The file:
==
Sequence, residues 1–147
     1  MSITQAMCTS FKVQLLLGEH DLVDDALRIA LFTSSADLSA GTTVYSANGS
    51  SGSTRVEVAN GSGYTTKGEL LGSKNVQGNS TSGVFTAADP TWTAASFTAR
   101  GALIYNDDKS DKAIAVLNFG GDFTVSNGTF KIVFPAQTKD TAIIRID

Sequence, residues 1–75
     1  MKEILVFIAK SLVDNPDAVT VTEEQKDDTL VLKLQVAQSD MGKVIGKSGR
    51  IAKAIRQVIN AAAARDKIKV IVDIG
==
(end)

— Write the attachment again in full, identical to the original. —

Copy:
Sequence, residues 1–147
     1  MSITQAMCTS FKVQLLLGEH DLVDDALRIA LFTSSADLSA GTTVYSANGS
    51  SGSTRVEVAN GSGYTTKGEL LGSKNVQGNS TSGVFTAADP TWTAASFTAR
   101  GALIYNDDKS DKAIAVLNFG GDFTVSNGTF KIVFPAQTKD TAIIRID

Sequence, residues 1–75
     1  MKEILVFIAK SLVDNPDAVT VTEEQKDDTL VLKLQVAQSD MGKVIGKSGR
    51  IAKAIRQVIN AAAARDKIKV IVDIG